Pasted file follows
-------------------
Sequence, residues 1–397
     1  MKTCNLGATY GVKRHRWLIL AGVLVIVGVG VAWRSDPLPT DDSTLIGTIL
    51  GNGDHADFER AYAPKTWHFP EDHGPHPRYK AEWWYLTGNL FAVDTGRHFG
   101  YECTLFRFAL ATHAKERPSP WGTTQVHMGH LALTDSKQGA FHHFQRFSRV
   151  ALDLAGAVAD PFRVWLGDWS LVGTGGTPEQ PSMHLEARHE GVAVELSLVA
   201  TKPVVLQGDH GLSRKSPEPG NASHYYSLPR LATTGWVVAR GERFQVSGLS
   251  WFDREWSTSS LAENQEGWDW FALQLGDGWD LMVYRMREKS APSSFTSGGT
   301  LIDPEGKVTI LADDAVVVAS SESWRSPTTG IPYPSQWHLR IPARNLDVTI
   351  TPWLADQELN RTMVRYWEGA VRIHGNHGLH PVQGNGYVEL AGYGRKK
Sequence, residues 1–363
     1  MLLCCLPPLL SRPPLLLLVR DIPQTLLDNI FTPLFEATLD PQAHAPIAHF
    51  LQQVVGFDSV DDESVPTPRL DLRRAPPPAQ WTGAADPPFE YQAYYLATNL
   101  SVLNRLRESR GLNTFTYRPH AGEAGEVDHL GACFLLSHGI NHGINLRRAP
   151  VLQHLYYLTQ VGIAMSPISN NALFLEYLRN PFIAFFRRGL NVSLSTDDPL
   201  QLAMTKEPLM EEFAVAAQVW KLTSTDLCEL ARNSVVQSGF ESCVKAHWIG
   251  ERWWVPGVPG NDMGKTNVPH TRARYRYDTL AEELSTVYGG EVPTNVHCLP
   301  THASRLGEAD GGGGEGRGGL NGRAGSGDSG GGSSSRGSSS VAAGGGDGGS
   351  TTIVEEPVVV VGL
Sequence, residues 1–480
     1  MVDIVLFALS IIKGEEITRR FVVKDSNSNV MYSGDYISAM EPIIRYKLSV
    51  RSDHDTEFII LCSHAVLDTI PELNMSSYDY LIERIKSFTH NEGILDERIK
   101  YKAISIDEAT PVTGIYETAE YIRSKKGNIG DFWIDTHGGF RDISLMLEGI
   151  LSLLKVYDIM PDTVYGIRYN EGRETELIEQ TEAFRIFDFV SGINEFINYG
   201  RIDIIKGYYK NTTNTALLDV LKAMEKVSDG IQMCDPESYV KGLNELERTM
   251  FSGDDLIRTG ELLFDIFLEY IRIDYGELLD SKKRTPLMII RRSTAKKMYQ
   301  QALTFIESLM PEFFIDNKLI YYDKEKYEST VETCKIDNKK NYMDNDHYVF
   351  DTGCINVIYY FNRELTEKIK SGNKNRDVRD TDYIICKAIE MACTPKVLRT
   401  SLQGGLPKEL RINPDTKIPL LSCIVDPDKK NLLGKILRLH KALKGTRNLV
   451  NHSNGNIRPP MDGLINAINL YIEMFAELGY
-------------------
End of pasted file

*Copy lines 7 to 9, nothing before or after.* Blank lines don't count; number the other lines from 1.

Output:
   251  WFDREWSTSS LAENQEGWDW FALQLGDGWD LMVYRMREKS APSSFTSGGT
   301  LIDPEGKVTI LADDAVVVAS SESWRSPTTG IPYPSQWHLR IPARNLDVTI
   351  TPWLADQELN RTMVRYWEGA VRIHGNHGLH PVQGNGYVEL AGYGRKK